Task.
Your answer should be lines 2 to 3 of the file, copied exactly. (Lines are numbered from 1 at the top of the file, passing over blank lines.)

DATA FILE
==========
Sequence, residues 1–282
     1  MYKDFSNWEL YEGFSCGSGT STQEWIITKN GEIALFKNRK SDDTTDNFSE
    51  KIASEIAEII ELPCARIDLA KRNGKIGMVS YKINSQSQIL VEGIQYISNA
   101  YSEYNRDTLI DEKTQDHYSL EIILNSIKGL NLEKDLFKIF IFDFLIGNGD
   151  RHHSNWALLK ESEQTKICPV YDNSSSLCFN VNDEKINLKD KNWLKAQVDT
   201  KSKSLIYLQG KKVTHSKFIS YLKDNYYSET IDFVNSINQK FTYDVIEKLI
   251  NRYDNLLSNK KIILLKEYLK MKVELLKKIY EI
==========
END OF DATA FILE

     1  MYKDFSNWEL YEGFSCGSGT STQEWIITKN GEIALFKNRK SDDTTDNFSE
    51  KIASEIAEII ELPCARIDLA KRNGKIGMVS YKINSQSQIL VEGIQYISNA